I have thought that in view of the ongoing occurrences of light plane crashes with their consequent tragic loss of life, that manufacturers would by now be offering mechanically deployable, steerable parachutes controlled by a single electric joy stick sequentially coupled to a series of winches each handling one cord from the steerable parachute, which would be housed in the wings for two, or in the fuselage for one, with the housing covered by a ruptureable membrane which would be burst open by compressed air to likewise compressed air power deploy the parachute at the touch of a button. The pilot would thereafter control his plane soley by the joystick. Too much to expect amateurs to build in, I suppose, but well within the province of commercial producers, and well worth the cost for frequent flyers.

 

All my flying , apart from a couple of joyflights, has been done economy class, so you must excuse my arm-chair science. Jack.

 

 

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Guest Michael Coates

As the local expert on ballistic parachutes (so I'm told) I have to agree that they should only be deployed when no other method of flying the aircraft can be used, e.g. there has been a midair accident and your aircraft is uncontrollable and spiralling to the ground, the fire extinguisher has accidentally gone inside the cabin and nobody can see outside etc etc. You are taking the grandchildren for a fly and suffer a heart attack etc... These would be situations where a ballistic parachute would be deployed.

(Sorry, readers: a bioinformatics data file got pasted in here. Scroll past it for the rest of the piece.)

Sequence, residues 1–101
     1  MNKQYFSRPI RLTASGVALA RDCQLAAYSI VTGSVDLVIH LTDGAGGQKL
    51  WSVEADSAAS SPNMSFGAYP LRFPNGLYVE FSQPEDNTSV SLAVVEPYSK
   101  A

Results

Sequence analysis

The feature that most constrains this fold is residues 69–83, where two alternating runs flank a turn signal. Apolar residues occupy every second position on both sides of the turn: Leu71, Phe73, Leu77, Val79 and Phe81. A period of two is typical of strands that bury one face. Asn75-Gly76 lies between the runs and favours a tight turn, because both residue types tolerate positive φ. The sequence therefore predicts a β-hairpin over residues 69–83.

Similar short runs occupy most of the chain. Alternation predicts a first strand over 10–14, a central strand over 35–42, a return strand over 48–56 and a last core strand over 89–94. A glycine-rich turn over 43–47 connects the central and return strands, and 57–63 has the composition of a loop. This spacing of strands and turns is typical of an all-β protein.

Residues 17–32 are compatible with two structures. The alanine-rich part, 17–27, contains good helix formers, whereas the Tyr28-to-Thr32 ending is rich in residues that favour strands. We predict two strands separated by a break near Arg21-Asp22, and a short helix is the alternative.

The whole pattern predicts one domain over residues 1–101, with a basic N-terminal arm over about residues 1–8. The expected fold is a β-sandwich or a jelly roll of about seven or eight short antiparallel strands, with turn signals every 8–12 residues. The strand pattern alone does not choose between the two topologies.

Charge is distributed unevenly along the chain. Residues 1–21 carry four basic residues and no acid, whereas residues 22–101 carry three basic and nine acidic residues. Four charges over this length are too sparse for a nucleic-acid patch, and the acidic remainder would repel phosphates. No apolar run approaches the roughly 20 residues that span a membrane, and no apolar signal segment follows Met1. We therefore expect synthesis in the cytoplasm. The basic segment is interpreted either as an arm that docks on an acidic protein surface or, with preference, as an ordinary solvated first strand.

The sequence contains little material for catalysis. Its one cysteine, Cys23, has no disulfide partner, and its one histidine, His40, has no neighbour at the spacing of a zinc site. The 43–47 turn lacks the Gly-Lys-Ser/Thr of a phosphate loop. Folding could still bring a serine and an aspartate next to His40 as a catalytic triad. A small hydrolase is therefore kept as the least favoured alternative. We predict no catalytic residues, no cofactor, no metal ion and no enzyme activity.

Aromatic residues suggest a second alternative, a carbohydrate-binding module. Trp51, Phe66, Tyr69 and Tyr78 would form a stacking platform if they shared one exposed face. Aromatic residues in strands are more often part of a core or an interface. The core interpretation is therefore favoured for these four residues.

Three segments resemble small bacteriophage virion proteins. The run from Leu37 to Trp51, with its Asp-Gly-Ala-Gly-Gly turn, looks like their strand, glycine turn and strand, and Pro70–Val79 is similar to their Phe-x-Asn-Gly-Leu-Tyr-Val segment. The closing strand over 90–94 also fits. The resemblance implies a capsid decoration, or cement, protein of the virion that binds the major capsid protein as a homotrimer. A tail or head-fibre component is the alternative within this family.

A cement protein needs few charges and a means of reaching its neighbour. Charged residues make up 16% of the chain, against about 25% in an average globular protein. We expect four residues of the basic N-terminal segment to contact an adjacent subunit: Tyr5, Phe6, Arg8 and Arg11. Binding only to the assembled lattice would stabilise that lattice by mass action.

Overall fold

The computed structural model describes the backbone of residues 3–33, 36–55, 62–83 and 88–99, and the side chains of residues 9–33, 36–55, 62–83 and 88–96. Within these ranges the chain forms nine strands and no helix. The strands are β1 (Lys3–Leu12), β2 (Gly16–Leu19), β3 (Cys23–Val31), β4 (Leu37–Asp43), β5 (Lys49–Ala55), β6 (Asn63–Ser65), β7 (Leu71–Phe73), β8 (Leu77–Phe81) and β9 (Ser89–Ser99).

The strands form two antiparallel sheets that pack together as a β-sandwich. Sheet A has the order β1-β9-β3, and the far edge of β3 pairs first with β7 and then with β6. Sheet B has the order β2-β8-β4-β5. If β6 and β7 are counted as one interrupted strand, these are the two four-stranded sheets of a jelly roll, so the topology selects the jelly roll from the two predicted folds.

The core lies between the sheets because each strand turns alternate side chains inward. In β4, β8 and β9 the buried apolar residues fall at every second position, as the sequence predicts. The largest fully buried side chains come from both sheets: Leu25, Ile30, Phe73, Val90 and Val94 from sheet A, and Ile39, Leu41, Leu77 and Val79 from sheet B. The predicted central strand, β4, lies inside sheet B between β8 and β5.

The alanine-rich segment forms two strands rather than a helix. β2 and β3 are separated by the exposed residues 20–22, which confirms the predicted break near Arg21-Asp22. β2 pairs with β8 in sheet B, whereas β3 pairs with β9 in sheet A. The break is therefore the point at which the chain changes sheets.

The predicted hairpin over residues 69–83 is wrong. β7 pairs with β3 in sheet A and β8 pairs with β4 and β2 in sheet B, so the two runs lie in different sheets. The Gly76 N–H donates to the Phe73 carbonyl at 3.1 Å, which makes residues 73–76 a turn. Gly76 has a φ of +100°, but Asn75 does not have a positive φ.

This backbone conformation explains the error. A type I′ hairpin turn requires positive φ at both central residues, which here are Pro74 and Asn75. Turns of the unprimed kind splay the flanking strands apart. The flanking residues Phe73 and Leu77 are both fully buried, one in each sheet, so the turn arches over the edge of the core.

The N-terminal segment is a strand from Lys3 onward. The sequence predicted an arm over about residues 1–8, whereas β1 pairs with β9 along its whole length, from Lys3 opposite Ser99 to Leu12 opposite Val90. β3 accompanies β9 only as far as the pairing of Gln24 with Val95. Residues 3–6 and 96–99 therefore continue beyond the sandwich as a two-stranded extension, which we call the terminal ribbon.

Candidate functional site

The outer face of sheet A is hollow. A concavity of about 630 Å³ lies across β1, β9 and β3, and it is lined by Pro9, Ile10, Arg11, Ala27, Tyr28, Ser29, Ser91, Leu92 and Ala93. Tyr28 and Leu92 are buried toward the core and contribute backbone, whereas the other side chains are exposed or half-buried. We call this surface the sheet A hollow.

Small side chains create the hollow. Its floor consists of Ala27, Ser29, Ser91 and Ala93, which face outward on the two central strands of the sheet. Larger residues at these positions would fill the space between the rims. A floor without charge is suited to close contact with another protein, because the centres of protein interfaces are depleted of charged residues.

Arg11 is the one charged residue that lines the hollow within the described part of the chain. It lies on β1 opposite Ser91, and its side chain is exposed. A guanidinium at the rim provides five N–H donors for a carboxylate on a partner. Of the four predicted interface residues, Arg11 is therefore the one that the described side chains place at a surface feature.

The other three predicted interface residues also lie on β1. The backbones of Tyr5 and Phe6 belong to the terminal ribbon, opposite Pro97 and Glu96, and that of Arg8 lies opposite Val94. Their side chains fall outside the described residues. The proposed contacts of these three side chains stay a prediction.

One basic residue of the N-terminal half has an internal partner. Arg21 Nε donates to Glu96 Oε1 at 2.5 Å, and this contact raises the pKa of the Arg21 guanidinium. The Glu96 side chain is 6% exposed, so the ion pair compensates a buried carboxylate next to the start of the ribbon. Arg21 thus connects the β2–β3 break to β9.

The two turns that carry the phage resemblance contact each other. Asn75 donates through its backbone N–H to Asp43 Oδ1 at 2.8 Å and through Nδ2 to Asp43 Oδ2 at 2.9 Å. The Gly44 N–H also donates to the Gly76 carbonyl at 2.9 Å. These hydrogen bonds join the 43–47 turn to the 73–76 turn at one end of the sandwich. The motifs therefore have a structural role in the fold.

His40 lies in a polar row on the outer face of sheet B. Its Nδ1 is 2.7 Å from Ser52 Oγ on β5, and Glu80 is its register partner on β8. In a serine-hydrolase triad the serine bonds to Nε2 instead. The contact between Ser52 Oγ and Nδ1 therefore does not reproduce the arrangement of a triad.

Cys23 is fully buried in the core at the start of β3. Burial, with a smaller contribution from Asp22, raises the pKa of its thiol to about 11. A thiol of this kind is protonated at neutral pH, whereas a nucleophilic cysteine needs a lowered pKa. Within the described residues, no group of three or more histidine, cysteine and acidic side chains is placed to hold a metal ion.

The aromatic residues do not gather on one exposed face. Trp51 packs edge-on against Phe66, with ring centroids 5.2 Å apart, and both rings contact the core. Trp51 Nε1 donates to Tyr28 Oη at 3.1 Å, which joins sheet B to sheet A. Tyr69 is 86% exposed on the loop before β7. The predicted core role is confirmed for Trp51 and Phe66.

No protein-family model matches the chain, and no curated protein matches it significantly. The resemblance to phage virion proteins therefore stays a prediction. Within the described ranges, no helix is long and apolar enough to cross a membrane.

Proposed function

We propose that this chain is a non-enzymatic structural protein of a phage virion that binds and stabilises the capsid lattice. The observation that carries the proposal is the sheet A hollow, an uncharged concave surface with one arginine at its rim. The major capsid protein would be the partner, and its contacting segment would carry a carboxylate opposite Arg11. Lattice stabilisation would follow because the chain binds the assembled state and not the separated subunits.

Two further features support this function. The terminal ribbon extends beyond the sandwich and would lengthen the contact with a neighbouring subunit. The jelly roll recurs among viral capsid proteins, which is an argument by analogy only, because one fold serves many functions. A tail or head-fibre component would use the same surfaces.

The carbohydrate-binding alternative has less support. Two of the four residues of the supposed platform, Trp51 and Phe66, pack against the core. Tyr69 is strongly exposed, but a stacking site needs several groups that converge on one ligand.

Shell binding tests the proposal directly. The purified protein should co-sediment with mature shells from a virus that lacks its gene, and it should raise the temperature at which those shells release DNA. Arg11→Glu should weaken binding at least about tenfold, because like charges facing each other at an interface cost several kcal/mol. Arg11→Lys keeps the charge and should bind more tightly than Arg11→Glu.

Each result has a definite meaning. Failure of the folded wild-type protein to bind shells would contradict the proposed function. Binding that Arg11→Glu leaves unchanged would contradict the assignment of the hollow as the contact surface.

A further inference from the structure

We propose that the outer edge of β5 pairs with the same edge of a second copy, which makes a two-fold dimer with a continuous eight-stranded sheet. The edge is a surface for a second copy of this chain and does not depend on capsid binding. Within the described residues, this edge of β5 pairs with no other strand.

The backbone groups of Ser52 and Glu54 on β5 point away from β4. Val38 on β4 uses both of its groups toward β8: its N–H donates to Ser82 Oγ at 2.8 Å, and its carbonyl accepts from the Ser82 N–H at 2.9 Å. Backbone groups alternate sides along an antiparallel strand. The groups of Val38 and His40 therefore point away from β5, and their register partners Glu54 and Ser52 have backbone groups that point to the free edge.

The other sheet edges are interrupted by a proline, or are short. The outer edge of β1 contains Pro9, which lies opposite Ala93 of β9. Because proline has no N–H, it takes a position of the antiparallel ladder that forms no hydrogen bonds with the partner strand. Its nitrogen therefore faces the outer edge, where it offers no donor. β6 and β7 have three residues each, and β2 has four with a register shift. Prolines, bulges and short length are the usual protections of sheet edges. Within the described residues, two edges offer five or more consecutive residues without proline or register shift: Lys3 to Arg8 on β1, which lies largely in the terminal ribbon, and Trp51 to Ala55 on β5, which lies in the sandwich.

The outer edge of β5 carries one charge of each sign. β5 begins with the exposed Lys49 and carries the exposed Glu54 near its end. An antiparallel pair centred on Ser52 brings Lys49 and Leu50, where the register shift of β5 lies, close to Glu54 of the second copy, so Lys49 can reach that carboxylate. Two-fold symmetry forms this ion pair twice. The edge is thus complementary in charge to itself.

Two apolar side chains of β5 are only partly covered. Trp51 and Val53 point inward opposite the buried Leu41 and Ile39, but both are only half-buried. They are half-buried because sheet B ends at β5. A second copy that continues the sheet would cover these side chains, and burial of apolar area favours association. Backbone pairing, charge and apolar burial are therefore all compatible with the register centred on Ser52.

There have been several ballistic parachute deployments in Australia all resulting in a positive outcome. One of our customers who had a ballistic parachute installed on a trike survived the descent without any problems and went on to purchase another aircraft which was also fitted with a ballistic parachute (I wonder why).

 

Most of the ballistic parachutes are circular type like the parachutes which were used on the old Apollo missions that used to splash down in the ocean. If the ballistic parachute has been installed correctly and these are on a lot of factory built aircraft the aircraft the plane will descend with a slight nose down attitude of between 10 and 15°. This gives the aircraft somewhat of a forward motion which means if you have a rudder and it is still working you can guide the aircraft to a possibly better landing position. If the engine still running you can actually slow the descent and also guide the parachute by starting the engine and flying the aircraft with just the rudder, but this is something I would hesitate in doing because as you drag the canopy through the air you are putting additional loads which could cause the canopy to partially collapse and send you back to the ground again at a fast rate of speed.

 

There is a very chequered history of ballistic parachutes with some of the first ones being deployed by a large spring and then they went on to utilise compressed air and one model even had to shotgun shells to deploy the parachute. All modern ballistic parachutes are as a name describes, ballistic and they use a solid rocket motor very similar to what is used in a rocket propelled grenade to fire the parachute and eject it away from the aircraft so it can open in clean air. There is a lot of information and videos on YouTube showing ballistic parachute deployments.